Dar es Salaam. The Bank of Tanzania (BoT) has exuded confidence that economic growth targets will be realised even as Covid-19 effects posed challenges across the globe.
Last year, Tanzania revised its growth targets from 6.9 percent to 5.5 percent following the pandemic which disrupted world economic activities. However, the central bank’s monetary policy committee says the 2020 targets will be realised.
According to the committee statement posted on the BoT website, the gross domestic product (GDP) is expected to grow by six percent or more in 2021.
“The Monetary Policy Committee observed that since its previous meeting, the economy continued to demonstrate satisfactory performance despite global spillover effects of Covid-19. In the first half of 2020, growth averaged 4.9 percent, largely driven by construction, agriculture, transport and mining, and quarrying,” stated the committee.
The economy grew by 5.7 percent in the first quarter of 2020, 4.0 percent in the second quarter and 4.5 percent in the third quarter, according to the National Bureau of Statistics (NBS).
Going with the statistics of the three quarters, Tanzania’s economic growth averaged 4.73 percent in nine months as the growth of the fourth quarter is yet to be released.
Mathematically, if Tanzania is to attain its 5.5 average growth for 2020, growth of the fourth quarter alone must be at least 7.8 percent.
Economists say Tanzania’s growth prospects are positive, but will somewhat depend on external factors such as the global economic growth, trend in the second wave of Covid-19 and weather.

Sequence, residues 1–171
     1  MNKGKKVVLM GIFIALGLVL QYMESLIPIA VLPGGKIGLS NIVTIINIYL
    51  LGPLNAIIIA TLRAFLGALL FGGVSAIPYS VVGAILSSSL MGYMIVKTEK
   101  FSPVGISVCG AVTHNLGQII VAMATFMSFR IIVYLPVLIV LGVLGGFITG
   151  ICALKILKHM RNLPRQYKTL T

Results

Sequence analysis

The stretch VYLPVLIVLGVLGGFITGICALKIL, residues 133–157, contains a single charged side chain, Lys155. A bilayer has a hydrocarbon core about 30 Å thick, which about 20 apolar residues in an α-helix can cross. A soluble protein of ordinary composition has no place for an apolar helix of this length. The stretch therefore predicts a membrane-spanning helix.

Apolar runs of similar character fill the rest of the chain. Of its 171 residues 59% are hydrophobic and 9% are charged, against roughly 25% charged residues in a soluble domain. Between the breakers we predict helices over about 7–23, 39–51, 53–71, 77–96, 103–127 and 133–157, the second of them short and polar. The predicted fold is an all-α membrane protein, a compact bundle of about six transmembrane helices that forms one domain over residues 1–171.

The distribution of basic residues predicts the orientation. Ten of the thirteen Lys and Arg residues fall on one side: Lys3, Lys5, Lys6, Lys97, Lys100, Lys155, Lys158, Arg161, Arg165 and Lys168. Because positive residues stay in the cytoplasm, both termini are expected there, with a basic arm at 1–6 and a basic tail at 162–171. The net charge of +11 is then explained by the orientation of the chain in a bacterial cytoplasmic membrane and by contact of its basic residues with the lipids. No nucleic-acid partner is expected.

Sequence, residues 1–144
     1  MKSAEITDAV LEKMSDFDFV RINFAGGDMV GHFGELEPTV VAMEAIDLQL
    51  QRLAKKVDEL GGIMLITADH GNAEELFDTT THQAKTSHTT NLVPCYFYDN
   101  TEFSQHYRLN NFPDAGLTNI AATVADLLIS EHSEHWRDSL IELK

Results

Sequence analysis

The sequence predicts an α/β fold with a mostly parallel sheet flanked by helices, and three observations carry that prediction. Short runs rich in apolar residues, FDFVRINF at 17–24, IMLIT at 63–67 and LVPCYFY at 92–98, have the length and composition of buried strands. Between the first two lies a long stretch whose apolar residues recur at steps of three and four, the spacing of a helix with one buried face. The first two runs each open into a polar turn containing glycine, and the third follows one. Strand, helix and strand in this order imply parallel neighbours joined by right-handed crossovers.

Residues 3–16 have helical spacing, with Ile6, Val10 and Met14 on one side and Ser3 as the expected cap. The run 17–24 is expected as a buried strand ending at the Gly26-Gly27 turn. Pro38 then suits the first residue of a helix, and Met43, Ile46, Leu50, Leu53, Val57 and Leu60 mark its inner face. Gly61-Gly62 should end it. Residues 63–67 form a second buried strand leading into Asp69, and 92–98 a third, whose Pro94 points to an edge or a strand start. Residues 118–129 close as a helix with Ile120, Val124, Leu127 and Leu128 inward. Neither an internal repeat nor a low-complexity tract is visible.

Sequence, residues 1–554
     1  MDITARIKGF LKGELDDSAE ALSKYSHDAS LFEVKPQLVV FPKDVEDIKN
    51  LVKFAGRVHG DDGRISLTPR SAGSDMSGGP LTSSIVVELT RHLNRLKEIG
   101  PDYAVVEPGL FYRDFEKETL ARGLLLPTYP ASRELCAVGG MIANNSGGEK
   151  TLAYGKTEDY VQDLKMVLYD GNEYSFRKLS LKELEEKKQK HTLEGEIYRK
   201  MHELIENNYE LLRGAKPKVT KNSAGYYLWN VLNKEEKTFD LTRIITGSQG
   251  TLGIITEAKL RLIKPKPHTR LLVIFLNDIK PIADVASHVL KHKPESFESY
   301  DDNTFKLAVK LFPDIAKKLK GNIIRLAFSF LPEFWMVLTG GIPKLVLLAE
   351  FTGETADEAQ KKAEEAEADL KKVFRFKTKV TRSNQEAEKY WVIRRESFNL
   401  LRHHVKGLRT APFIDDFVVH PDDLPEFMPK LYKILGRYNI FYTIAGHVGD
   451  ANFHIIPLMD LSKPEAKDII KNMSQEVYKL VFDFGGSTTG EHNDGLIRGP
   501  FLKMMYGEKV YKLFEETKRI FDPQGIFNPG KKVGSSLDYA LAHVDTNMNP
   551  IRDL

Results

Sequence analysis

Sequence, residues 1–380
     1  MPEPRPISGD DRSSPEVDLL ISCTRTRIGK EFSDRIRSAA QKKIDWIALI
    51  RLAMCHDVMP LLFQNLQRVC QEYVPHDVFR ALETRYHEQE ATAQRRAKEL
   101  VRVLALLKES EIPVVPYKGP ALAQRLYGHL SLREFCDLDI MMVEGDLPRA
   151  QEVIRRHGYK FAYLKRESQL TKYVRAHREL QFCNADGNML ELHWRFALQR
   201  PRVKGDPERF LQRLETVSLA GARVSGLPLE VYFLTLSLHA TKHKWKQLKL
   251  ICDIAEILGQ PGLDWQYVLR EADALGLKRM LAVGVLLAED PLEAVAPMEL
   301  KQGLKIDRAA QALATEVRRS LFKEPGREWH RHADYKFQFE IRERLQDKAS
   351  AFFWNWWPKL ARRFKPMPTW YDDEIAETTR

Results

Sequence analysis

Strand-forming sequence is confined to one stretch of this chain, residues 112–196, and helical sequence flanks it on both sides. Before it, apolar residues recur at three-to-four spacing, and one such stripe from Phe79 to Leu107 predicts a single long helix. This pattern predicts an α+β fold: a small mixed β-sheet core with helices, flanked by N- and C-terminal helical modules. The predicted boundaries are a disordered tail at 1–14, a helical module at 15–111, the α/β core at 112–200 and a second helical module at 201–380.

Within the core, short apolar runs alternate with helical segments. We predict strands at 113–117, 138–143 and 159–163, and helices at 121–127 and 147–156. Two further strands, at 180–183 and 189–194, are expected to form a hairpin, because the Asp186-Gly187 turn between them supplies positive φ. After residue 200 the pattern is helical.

“These external variables are important because Tanzania is trading a lot with the rest of the world,” said Prof Honest Ngowi of the Mzumbe University.
“Although Tanzania has no cases of the coronavirus, the impact of the disease’s second wave will definitely affect Tanzania because of the travel restrictions which hinder trading,” he added.
Weather issues matter for Tanzania economy because agriculture sector, which accounted for 28.9 percent of the GDP, depends much on weather.
During the third quarter (July to September 2020), construction activities recorded the highest growth of 17.4 percent, followed by transport and storage (8.8 percent), information and communication (8.7 percent), professional scientific and technical services (8.6 percent), water supply (7.9 percent), administrative support services (7.7 percent), agriculture (6.7 percent), public administration (6.6 percent) and human health and social services (6.4 percent).
Other economic indicators
The monetary policy committee stated that external sector sustained satisfactory performance, supported by exports, particularly gold, crops, and manufactured goods.
The committee said foreign reserves remained adequate, covering more than 5.6 months of imports. The performance of government fiscal operations was also on track, with improving tax revenue.
The MPC noted that implementation of accommodative monetary policy succeeded in lowering short-term interest rates, thus creating favourable conditions for increase in trade and investment.
Private sector credit growth averaged 5.1 percent in the last six months of 2020, and according to the team, it is expected to regain momentum in the second half of the 2020/21 financial year as the global economy normalises.
Inflation is expected to remain within the projected level of 3-5 percent while the exchange rate is expected to remain stable.